To make an icon for the person in Address Book, drag a graphic file on to the white square. Click the Choose button and select a file from an available drive, or select picture from an open file and drag it onto the white square. For some reason, you can't drag a picture from Preview to the square, but copying the selection and then pasting it into the area happens to work.

Now that we have the picture in Address Book, simply clicking and dragging the picture in the square will allow you to center the area you want to keep.

That looks pretty good, but what if you want to experiment with the picture's size? Moving the slider to the right decreases the size of the picture.

Moving the slider to the extreme right decreases the window size for the picture.

But don't worry about the picture's size too much. Even if you've maximized the size of the picture, Address Book will automatically scale the picture so it fits properly. Once you've chosen the picture and a decent head shot, press Enter or click the Set button.

Now we have the person's contact information and picture stored in Address Book. When you get an email message from this person, you'll see a little picture of the person in the email itself. This is especially helpful if you have two people with the same name in your contact list and you're not sure which person sent the email. (Photo shown in email message below is smaller than the actual size of the picture in Address Book.)

Now when you use Apple's Mail application, you'll be able to retrieve the same information in Address Book without opening the program. Mail will give you the option to make changes to a card, but making any edits will open the Address Book program.

Do Even More With Address Book

When you select an person your list of contacts, then click the sprocket drop-down menu, you have more options. Selecting Print will bring up a box that is designed to print the person's name on an envelope. You can also send the individual an email message or do a Spotlight search for the person's name.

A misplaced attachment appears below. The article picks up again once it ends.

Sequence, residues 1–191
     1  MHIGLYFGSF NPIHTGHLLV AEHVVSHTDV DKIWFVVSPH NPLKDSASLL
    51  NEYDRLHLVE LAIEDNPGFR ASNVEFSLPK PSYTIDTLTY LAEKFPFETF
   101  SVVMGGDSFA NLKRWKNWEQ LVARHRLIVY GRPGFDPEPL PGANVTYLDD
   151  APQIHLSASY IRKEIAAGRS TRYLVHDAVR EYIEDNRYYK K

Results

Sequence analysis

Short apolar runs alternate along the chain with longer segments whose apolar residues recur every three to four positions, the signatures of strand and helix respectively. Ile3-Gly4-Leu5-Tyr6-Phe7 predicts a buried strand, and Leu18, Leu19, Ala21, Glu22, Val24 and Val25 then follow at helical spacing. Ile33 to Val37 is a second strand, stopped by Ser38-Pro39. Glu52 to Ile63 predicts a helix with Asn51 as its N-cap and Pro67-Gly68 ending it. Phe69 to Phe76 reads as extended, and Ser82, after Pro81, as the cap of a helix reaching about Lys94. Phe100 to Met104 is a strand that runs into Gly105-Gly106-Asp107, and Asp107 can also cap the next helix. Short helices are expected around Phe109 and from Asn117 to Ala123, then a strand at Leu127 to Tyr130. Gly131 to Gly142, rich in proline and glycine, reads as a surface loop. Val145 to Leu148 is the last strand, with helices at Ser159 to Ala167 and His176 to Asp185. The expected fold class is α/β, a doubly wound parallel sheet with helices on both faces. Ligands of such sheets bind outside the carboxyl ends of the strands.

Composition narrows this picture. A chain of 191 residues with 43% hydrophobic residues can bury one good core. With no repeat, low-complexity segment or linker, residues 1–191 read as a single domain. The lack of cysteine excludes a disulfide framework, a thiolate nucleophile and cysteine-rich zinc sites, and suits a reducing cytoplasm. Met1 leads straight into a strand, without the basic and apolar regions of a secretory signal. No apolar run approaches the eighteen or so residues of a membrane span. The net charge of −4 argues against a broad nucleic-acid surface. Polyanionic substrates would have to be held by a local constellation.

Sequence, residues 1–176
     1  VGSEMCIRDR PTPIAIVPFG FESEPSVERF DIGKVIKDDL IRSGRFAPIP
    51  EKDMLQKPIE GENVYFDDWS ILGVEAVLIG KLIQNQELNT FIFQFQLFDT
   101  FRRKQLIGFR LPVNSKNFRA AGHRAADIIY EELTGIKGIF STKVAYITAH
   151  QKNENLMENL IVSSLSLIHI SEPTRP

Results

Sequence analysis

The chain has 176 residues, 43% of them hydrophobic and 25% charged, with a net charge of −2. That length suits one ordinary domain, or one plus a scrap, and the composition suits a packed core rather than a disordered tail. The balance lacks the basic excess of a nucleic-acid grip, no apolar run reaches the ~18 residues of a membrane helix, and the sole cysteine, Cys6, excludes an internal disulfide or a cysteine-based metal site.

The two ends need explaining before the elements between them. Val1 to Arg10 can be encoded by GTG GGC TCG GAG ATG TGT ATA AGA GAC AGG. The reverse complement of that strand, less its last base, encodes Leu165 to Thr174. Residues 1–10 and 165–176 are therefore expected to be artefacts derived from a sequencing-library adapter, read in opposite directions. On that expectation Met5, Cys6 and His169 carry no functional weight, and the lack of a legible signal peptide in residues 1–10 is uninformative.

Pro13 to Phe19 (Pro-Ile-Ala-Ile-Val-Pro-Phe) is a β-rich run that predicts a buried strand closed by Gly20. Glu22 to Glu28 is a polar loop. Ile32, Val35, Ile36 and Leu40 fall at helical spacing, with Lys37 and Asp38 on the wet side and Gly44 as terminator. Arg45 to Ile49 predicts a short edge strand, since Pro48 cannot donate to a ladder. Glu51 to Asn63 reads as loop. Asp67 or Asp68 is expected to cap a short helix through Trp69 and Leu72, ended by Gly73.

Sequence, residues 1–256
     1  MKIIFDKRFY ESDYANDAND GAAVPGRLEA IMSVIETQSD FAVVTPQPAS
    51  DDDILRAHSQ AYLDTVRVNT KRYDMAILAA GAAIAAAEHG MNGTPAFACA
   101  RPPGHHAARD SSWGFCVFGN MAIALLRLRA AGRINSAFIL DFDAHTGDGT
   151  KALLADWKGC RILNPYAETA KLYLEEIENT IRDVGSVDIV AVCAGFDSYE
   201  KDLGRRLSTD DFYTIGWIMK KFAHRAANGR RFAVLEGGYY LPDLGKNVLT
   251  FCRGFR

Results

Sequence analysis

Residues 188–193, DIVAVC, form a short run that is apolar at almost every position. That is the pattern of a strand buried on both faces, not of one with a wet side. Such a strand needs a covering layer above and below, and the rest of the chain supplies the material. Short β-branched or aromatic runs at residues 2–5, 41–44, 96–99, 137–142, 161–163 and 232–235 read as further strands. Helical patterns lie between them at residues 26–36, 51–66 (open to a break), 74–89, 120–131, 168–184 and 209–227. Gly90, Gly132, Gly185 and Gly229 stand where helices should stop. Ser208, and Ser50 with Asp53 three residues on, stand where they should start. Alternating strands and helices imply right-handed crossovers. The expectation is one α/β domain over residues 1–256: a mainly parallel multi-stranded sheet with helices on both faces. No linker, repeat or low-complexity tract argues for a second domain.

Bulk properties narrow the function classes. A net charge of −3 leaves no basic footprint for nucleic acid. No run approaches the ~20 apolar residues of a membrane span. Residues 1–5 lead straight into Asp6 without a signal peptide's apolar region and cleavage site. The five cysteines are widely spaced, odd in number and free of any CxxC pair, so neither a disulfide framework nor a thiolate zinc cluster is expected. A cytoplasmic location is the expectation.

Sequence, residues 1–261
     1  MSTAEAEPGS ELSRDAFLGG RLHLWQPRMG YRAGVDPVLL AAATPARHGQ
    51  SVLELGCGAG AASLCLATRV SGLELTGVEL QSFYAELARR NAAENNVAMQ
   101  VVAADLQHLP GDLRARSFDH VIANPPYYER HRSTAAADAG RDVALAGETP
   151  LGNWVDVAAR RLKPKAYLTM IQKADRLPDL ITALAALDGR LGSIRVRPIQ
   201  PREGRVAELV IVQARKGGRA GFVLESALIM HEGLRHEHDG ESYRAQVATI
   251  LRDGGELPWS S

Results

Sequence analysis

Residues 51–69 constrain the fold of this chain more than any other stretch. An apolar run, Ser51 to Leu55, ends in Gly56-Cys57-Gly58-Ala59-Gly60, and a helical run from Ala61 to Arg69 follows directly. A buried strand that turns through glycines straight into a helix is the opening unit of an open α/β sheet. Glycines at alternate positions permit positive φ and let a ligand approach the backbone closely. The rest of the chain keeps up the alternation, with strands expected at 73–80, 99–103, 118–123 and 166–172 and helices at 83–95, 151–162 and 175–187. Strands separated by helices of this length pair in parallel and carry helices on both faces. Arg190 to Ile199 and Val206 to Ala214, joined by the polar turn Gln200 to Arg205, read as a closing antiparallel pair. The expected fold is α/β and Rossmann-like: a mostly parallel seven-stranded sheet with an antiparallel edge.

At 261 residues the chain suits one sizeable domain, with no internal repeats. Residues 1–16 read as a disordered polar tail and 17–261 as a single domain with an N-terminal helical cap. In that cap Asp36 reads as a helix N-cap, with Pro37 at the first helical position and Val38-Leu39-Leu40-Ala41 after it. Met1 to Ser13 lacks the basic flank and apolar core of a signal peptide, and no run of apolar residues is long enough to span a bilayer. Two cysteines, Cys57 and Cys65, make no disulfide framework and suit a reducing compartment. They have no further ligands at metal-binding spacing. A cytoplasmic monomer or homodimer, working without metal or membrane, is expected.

Address Book also allows you to make backups of the contact database and revert to a saved, older version of a database. In the Preferences menu, you can also check off an option that will email everyone in your contact list whenever you make changes to your own contact card.

Contacts are pretty easy to work with. You can create a new group, and then click and drag names from the "All" group into the newly added group. One can even make another group and copy the same contacts minus a few. This is useful if you usually email your whole office, but sometimes prefer to mail everyone in your office except the administration. When you select a group, you can right-click on it and choose "Send Email to (group name)." What will happen is your Mail application will open (if it's not already open) and a blank email window will appear with all the names in that particular group.

Now that you've got the hang of Address Book, you can finish adding the rest of your contacts!

Meet Your Macinstructor

Eric Buczynski says it all started with the Apple II in grade school. Years later, he moved on to a Performa 6360 and then PowerMac G4s. He's still interested in emulation, HTML, and icon design, but these days his creativity goes mostly to Mac hardware hacking and customization.